• Test local awareness ads and use the location-based “Get Directions” call-to-action button to encourage people to shop at your location.

Pinterest and Twitter are now set up to drive ecommerce sales. Instagram’s carousel ads have started appearing in feeds. The carousel format gives marketers more options for compelling storytelling in News Feed, which is now available with video in addition to images. Instagram ads are now available to businesses; additions like “Calls to Action” allow shoppers to take direct action, including “shop now.”


Studies show that consumers are seeking a personalized experience when it comes to beauty and personal care. Utilizing your beauty advisors as experts to help create these experiences either in-store or digitally can engage customers. Beauty bars are a great example.

Media consultant Mark McKenney adds: “For beauty retail, the trends include using modern technology to enhance an online shopping experience by making it as easy as possible to shop both in a brick-and-mortar to seamlessly online. Our devices already have access to information on our preferences and might suggest a coupon or further information on an item we see in the store. There are devices on counters that let you 'try on' a new lipstick—could that be paired with connecting to a certain item that is already on your online 'must-have' list?”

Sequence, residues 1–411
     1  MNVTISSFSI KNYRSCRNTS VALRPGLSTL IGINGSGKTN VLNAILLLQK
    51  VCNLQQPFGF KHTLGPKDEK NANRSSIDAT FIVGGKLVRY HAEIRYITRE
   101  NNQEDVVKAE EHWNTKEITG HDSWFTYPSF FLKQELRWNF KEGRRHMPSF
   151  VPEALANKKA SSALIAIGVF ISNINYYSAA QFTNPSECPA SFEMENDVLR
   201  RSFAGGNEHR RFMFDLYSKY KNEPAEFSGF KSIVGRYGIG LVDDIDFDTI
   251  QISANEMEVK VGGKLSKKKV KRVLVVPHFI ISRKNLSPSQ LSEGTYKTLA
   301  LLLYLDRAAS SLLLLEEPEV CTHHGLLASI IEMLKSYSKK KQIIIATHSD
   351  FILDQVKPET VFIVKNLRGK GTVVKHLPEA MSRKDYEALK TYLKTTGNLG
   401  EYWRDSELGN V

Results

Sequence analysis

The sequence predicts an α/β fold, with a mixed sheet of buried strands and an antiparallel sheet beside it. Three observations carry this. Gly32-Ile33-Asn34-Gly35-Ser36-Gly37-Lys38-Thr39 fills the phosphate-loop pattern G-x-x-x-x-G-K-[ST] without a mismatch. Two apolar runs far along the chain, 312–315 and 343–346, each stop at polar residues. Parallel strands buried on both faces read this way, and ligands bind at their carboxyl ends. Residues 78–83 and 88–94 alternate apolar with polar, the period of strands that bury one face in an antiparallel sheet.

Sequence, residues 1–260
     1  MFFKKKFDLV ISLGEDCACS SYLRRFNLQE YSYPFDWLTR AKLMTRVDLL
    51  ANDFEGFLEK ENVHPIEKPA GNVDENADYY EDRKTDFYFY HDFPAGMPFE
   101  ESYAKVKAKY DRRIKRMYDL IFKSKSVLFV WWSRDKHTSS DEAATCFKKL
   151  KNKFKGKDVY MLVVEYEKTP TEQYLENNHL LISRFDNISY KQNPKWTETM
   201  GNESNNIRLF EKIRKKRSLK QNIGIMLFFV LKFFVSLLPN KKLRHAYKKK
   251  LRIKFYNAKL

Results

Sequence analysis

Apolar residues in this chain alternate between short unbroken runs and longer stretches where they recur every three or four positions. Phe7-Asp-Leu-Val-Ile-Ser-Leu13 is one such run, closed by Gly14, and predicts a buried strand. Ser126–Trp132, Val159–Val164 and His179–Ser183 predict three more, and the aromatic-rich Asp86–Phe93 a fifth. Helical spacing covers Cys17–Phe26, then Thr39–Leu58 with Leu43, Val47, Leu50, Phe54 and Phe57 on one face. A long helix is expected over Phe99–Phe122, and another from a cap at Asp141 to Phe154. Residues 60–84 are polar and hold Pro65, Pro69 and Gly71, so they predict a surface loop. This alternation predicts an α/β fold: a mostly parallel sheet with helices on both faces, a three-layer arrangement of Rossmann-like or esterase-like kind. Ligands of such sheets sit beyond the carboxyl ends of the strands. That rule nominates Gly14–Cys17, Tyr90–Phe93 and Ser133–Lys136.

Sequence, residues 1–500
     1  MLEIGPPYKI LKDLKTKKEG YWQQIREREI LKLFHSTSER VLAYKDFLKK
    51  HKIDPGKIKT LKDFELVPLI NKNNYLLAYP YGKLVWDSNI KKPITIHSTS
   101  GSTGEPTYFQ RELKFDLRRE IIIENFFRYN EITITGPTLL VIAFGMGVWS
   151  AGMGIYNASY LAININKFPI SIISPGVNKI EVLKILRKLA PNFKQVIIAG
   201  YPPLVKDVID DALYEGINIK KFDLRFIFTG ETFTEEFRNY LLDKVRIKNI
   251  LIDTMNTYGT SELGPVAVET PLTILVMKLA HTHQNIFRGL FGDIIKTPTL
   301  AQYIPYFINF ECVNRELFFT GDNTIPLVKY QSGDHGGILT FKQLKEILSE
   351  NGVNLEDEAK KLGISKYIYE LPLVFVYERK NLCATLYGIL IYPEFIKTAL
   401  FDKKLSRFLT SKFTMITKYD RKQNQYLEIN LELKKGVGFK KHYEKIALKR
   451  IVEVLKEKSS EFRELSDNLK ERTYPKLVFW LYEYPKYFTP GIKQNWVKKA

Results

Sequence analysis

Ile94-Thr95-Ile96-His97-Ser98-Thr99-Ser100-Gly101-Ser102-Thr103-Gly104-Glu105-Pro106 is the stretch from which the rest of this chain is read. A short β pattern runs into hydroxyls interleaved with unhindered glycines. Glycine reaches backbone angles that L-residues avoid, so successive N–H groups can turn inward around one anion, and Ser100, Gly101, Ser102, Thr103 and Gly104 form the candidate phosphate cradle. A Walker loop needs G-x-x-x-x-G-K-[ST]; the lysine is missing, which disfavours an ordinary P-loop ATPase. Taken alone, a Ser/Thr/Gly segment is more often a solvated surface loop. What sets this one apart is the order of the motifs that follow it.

As McKenney said, technology enables making that human touch a quicker, easier, cost-effective process. Examples include:

  • This year included the launch of numerous beauty apps that take personal services direct to the consumer and offer coaching. I am particularly proud of one such app—My Skin Authority. I led the creation of the app, which is completely unique in that it connects people with a skincare coach for live, authentic, personalized coaching. The technology is powerful, sophisticated and relevant, yet, the coaching is simple and free.
  • Because people can literally take a coach with them to stores, they are going to be more educated when they shop. To help educate, while capitalizing on the popularity of branded videos, Sephora is launching in-store videos that will provide tutorials and ads, as well as recommended products to achieve certain looks. Customers can watch tutorials in-store, consult with sales associates on how best to achieve a certain look, and watch videos of product recommendations and best-selling products, updated in real time at what Sephora is calling Beauty Workshops.